The Food and Drug Administration announced last week that it would review the safety of dental fillings under pressure from consumer and dental groups who are concerned that their mercury content is unsafe for human exposure. But this isn’t the first time the FDA has investigated amalgams, the silvery fillings used in dental procedures: Eighteen months ago, the FDA determined that amalgam fillings are safe, reneging on their 2008 statement that the metallic fillings contain neurotoxins that effect the nervous systems of developing children and fetuses.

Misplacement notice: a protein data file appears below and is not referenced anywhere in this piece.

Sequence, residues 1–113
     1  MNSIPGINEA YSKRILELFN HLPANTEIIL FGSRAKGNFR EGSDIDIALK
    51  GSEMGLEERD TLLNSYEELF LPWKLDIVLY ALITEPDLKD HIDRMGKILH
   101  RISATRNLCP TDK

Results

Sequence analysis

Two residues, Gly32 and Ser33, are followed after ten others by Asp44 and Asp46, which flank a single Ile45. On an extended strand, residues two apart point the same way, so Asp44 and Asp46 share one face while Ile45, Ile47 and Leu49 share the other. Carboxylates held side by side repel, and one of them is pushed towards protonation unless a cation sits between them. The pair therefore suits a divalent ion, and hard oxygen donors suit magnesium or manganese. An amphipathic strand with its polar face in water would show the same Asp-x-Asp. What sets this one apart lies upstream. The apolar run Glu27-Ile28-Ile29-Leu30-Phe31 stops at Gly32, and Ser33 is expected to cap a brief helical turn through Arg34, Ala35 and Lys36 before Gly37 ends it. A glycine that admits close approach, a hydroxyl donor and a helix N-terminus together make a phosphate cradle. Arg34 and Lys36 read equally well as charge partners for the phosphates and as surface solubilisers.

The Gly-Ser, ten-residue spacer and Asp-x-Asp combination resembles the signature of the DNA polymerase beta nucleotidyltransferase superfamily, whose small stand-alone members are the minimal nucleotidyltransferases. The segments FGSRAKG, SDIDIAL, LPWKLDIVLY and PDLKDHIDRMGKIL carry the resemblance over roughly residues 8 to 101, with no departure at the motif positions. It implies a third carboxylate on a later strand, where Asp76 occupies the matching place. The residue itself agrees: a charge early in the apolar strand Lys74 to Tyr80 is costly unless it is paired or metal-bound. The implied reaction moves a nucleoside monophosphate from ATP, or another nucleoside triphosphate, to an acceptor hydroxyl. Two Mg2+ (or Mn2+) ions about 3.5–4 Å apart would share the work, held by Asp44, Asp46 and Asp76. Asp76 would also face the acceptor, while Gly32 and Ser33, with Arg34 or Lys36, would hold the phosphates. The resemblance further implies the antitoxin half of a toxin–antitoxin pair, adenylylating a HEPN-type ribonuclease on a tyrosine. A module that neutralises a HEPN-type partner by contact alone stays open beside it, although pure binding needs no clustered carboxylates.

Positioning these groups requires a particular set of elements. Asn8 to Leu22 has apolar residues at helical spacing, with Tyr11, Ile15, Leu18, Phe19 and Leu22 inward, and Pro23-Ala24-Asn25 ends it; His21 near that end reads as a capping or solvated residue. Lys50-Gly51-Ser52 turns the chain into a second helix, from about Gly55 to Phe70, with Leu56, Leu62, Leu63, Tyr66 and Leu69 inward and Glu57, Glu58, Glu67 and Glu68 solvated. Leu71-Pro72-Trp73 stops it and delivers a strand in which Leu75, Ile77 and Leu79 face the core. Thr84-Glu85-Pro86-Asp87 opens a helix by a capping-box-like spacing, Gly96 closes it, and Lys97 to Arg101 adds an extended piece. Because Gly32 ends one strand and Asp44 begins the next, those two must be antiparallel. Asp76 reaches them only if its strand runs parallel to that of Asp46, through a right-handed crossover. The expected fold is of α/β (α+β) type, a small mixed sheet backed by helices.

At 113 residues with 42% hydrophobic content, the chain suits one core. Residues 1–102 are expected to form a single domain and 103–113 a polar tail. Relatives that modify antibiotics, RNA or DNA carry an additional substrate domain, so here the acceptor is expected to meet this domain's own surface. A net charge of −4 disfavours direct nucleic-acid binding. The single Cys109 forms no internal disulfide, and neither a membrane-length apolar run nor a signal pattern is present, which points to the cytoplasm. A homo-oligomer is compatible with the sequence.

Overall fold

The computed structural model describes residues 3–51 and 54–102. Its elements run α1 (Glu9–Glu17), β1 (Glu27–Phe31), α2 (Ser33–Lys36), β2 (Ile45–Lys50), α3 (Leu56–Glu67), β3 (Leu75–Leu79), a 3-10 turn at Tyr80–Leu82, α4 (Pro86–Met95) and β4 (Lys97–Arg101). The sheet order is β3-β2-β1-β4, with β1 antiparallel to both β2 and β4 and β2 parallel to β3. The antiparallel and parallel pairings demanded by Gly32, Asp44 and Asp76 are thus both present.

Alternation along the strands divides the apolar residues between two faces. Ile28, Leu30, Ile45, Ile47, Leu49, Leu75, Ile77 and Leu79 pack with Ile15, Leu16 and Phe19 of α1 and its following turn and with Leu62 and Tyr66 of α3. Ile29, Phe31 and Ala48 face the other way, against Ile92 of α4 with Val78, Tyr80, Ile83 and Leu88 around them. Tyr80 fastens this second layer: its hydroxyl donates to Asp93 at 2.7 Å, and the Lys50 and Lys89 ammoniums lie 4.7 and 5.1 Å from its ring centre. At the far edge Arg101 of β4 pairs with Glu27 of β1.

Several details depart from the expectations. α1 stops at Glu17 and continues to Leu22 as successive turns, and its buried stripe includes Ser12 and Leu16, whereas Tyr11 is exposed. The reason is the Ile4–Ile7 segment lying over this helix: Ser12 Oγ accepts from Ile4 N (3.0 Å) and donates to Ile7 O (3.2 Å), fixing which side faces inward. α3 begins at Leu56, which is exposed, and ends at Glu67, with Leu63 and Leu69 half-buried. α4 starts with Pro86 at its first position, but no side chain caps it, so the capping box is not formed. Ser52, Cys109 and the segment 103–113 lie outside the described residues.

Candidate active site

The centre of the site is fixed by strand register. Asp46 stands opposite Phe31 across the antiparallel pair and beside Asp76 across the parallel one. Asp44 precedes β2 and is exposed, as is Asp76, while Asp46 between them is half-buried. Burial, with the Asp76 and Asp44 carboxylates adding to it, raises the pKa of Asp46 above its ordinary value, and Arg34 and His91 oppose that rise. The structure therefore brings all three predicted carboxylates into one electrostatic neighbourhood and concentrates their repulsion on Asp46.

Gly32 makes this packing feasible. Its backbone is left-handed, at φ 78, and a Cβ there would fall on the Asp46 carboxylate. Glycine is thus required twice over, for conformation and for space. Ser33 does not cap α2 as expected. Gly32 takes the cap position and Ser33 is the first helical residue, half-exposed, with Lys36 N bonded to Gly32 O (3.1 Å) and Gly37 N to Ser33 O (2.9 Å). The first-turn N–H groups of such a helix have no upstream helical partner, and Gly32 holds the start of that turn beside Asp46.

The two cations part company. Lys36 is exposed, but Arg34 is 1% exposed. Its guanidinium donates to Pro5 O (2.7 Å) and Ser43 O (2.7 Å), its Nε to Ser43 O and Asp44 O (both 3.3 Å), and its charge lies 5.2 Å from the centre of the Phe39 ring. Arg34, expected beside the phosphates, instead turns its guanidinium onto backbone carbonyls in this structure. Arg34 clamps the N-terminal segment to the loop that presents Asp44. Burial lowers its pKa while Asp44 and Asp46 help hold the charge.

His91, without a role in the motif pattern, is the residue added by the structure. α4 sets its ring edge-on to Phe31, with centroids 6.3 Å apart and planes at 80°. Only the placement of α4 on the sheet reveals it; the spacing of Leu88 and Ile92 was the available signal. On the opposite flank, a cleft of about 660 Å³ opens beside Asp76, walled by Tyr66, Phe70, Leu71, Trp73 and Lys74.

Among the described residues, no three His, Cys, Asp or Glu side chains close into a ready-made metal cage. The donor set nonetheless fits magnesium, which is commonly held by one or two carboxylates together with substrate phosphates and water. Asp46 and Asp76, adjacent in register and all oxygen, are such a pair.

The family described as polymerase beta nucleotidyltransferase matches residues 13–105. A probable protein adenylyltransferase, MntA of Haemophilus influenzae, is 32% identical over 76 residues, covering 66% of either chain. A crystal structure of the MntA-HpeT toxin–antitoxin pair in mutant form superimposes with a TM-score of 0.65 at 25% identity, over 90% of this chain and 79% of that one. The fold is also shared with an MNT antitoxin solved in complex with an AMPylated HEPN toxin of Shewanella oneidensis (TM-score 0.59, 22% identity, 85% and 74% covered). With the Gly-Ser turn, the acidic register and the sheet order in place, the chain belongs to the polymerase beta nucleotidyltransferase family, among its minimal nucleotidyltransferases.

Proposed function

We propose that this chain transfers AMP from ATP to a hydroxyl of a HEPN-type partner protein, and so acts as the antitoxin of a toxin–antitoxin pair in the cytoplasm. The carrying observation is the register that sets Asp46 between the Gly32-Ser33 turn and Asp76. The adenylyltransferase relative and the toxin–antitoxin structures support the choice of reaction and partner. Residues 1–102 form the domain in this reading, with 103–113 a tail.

Amalgam is a combination of metals (usually silver, copper, tin, and zinc) that’s been commonly used in medicine and dentistry for years. It’s the cheapest type of dental filling, but it releases mercury vapor, which can be absorbed by the body. Human exposure to mercury can cause kidney failure and neurological problems, but it accumulates in the body over time, making it difficult to link exposure with health problems.
The FDA says it investigated scientific reports and research to reach its 2009 conclusion that dental amalgams are safe, but if it doesn’t even trust its own decisions less than two years later, we find it hard to give them our vote of confidence. Do you trust the FDA’s recommendations? Tell us what you think of their flip-flop statements, below:
Post from: BlissTree